We have no idea what winter will bring us this year, but the studded tires can now go on your vehicle starting this week.While each year fewer vehicles rely on the old-style tires to get them through winter, they are still used extensively in the Pacific Northwest. The Washington State Department of Transportation allowed them to be mounted starting Nov. 1, with a remove date of March 31, 2013.

First introduced in the 1950s, tiny metal studs imbedded in tires create what engineers believe is a distinct advantage for driving in snow and icy-conditions. While they do help somewhat, increased tire research, development and technology has shown today's advanced compounds and tread patterns actually perform better and reduce hydroplaning.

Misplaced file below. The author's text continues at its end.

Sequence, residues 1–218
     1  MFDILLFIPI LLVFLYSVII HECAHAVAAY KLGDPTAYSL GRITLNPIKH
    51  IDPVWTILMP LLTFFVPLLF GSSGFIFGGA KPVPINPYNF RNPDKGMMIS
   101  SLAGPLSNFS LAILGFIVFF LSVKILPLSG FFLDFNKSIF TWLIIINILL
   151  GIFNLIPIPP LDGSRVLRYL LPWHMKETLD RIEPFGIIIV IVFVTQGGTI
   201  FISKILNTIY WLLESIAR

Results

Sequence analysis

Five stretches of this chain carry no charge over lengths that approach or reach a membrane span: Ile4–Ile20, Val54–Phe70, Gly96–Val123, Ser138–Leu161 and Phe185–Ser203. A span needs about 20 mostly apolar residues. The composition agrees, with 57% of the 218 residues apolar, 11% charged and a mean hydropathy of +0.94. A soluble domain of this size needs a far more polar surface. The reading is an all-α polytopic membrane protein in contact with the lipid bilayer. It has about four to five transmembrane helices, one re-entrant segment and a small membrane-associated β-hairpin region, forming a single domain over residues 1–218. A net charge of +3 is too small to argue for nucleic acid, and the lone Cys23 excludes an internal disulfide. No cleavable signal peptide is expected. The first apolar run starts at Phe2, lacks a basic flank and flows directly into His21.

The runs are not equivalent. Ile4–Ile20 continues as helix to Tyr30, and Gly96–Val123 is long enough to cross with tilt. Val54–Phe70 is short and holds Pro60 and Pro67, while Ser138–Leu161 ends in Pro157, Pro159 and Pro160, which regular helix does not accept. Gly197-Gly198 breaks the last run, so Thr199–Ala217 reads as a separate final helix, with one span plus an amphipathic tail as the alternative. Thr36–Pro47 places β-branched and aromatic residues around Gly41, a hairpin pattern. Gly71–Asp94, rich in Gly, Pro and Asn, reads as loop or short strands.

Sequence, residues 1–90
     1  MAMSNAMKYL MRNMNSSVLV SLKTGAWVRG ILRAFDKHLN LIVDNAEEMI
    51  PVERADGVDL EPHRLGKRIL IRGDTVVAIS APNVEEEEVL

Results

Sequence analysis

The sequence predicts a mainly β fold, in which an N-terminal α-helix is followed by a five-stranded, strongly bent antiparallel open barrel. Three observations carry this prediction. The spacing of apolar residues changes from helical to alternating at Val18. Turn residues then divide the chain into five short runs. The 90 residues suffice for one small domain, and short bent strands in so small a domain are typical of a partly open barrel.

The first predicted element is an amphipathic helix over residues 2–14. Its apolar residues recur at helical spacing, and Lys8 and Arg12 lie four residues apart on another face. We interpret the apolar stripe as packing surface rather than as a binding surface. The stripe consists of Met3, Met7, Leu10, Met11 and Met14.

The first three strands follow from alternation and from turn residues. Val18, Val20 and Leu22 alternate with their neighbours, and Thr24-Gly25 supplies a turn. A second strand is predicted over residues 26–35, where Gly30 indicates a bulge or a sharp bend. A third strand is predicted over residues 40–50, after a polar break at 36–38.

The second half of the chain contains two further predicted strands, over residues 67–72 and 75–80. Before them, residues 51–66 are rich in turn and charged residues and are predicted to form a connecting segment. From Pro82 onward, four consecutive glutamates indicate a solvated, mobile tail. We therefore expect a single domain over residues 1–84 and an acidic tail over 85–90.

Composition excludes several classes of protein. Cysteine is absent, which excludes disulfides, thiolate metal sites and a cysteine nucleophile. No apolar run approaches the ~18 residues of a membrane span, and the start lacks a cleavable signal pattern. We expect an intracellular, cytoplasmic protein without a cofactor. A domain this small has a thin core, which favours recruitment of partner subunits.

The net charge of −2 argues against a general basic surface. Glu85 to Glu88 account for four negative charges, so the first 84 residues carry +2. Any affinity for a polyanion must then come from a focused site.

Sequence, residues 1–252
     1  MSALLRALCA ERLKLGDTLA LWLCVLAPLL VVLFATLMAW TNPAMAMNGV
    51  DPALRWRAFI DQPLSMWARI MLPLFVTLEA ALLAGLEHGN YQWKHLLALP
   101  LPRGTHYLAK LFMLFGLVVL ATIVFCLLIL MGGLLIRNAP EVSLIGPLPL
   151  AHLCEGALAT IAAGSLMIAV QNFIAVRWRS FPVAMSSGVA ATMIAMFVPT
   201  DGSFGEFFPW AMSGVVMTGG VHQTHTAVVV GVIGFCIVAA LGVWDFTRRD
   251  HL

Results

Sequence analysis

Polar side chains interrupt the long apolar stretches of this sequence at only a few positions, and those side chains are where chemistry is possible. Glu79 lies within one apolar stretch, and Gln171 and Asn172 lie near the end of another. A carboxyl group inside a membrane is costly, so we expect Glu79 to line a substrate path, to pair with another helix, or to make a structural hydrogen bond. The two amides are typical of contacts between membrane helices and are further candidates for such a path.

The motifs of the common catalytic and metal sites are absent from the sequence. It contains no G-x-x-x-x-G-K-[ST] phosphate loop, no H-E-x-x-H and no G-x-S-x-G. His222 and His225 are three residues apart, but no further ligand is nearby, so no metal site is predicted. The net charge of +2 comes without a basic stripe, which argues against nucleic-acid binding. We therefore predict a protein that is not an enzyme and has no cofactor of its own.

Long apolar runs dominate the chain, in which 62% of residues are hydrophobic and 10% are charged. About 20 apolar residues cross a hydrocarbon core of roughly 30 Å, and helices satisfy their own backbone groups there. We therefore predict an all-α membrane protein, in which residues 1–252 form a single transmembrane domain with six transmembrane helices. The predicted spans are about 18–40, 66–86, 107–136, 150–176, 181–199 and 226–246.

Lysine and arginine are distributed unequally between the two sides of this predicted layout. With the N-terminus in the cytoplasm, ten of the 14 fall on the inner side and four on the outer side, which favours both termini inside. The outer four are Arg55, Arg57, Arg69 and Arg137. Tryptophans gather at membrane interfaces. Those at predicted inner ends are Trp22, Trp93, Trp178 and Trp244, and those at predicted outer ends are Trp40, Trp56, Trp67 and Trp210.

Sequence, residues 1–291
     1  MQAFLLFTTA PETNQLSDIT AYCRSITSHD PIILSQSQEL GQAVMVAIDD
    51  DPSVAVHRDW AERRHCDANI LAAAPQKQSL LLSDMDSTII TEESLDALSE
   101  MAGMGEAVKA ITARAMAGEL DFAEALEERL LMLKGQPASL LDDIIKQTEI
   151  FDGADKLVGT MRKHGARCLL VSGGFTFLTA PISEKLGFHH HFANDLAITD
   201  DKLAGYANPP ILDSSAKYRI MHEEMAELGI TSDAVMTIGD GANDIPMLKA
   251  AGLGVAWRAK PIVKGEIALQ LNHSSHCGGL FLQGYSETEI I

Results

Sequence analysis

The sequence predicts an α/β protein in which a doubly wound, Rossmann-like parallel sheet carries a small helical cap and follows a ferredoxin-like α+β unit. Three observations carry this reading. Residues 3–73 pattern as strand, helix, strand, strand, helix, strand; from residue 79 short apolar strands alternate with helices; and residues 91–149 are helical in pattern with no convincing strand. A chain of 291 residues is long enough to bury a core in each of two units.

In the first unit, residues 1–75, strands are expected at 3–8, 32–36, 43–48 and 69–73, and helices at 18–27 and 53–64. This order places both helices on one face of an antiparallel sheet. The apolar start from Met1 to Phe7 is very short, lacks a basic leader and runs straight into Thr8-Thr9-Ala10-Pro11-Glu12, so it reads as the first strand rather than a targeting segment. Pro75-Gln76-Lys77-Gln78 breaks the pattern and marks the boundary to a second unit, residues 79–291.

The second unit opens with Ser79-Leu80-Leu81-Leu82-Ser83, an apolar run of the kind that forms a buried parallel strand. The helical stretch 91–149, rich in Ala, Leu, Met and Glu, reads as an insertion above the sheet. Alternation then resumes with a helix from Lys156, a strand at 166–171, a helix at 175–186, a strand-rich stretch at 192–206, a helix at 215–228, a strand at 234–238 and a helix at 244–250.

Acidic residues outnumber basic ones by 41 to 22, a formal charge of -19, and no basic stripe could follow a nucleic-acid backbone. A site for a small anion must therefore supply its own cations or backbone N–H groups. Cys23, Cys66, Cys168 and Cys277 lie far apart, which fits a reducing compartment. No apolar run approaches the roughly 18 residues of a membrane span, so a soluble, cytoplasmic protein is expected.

Studded tires don't really help on black ice that much over a top-rate conventional snow tire. The only place metal studs are allowed is Alaska; all other states must use rubber studs.

But the primary reason for the seasonal-use only is road damage. The WSDOT estimates damage to concrete roads annually to be about $10-16 million per year. Studded tires are most abrasive on concrete and don't chew up the asphalt as quickly.